Malware analysis

Mekotio banker trojan returns with new TTP

Pedro Tavares
February 9, 2022 by
Pedro Tavares

Latin American trojan bankers are on the rise, and Mekotio is one of the most challenging threats to detect and stop these days. 

Nowadays, the number of emerging threats is concerning and the sophistication and agility observed in the new variants of well-known malware, including Mekotio. The new comeback brings new features and a significant change in its infection chain. This new wave was distributed some weeks after the arrest of some criminals involved with Mekotio in July 2021 by the Spanish Civil Guard. This is a clear sign that criminals moved fast to modify the malware’s Tactics, Techniques and Procedures (TTPs) to avoid detection and corroborates the strong collaboration between Spanish groups with the malware authors geo-located in Latin America.

Like other popular Brazilian trojan bankers, including  Maxtrilha, Javali and Ursa, Mekotio was updated in this release to combine its capabilities with those threats, which denotes a high collaboration between criminal gangs.

Mekotio’s Modus Operandi

The Mekotio’s infection chain starts with a phishing template that lures the victim to download a zip file from a compromised server. Figure 1 below shows the email template in the Spanish language.

Figure 1: Mekotio email template distributed in Q3 and Q4 2021 (source).

After downloading the ZIP file, an undetectable batch file with at least two obfuscation layers is executed. The initial process is a simple cipher substitution algorithm, replacing all the symbols with a lookup table available on the script.

Figure 2: Obfuscation layer of Metkio first stage.

When the process completes, a well-known PowerShell command is executed. This IEX DownloadString command is often used during red teaming assessments to execute fileless scripts into the memory without touching on disk.

Figure 3: Powershell script executed by the Mekotio trojan.

The high-level workflow of Mekotio trojan banker by Checkpoint depicting all the stages is presented below.

Figure 4: High-level diagram of Mektio malware (source).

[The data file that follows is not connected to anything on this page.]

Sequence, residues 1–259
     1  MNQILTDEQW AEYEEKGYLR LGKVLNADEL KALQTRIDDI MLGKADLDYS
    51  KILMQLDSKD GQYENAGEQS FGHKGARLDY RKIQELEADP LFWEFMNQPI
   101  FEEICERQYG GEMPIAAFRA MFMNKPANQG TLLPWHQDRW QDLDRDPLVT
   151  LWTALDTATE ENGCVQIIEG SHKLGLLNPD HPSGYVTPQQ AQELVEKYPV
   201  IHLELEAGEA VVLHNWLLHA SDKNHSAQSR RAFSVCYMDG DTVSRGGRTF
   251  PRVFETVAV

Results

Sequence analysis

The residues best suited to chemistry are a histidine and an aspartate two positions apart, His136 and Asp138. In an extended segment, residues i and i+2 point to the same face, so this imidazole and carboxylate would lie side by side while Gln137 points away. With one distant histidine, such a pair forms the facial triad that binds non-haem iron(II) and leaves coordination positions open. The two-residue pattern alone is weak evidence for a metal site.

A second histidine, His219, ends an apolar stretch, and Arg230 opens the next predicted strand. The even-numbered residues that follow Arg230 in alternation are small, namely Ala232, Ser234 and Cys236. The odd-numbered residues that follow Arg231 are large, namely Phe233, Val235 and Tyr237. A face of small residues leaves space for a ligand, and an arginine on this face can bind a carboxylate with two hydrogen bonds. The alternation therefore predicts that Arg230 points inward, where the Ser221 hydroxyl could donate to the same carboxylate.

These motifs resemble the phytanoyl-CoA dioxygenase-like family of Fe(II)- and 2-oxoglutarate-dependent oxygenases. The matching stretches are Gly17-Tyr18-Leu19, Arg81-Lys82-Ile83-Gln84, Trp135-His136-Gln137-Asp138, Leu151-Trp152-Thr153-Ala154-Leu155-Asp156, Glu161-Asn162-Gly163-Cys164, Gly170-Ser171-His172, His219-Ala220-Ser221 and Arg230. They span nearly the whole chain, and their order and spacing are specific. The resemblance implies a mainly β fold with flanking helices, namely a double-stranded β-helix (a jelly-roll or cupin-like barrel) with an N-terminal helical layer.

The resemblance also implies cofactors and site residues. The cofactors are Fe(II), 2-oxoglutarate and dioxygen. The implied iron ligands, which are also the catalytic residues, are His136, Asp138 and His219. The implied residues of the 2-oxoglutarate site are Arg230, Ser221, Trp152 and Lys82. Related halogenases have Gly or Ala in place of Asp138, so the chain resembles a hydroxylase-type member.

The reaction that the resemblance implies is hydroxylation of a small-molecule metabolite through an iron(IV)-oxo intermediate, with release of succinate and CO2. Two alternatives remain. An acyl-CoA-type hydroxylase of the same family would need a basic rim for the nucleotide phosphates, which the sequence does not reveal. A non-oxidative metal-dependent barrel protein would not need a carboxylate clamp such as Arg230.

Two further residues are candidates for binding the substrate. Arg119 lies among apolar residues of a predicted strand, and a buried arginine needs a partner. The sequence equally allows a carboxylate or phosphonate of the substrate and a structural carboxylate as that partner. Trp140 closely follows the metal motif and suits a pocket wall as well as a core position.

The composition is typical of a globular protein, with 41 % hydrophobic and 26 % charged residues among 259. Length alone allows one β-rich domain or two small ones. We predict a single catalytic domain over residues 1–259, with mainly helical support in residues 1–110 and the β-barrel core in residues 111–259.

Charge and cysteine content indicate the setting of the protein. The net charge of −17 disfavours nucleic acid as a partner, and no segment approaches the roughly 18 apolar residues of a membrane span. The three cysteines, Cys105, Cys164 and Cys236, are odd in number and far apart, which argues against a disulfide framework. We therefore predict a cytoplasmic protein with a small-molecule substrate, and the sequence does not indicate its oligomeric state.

As observed above, the PowerShell script downloads a new .ZIP file that checks if the victim is geo-located in Brazil, Chile, Mexico, Spain, and Peru and is not running inside a virtual machine. The downloaded file is composed of three additional files including:

  • AutoHotKey interpreter with a customized script to perform some malicious tasks; and
  • The Mekotio itself is in the form of a DLL packed with Themidas packer version 3.

This workflow is very similar to other Latin American trojan bankers, but a new update within this trojan family. The Mekotio DLL is then executed and loaded into the memory, and some tasks are performed, including:

  • collecting credentials from common software
  • keylogger and RAT capabilities
  • banking overlay windows.

As presented below, some of the banking overlay windows are similar to the Ursa and Javali.

Figure 5: Banking overlay windows from Javali trojan (source).

Finally, the connection between the infected machines with the C2 server is performed with HTTP raw sockets using its cryptographic algorithms — the same modus operandi also observed on the most popular Latin American trojan bankers.

Understanding Mekotio

Mekotio is a challenge trojan banker to stop and detect. With this set of new features, this malware gained the capability of evading AV and EDR detection, increasing the volume of victims around the globe. Although there is no magic formula to stop malware infections, we can follow a set of points to improve cybersecurity, namely:

  • Do not open emails from unknown sources and think before opening attachments
  • Be aware of social engineering attacks in general 
  • Install and update antivirus and protection software; and
  • Make sure that different applications and accounts have distinct passwords. 



Pedro Tavares
Pedro Tavares

Pedro Tavares is a professional in the field of information security working as an Ethical Hacker, Malware Analyst and a Security Evangelist. He is also Editor-in-Chief of the security computer blog

In recent years, he has invested in the field of information security, exploring and analyzing a wide range of topics, such as malware, reverse engineering, pentesting (Kali Linux), hacking/red teaming, mobile, cryptography, IoT, and security in computer networks. He is also a Freelance Writer.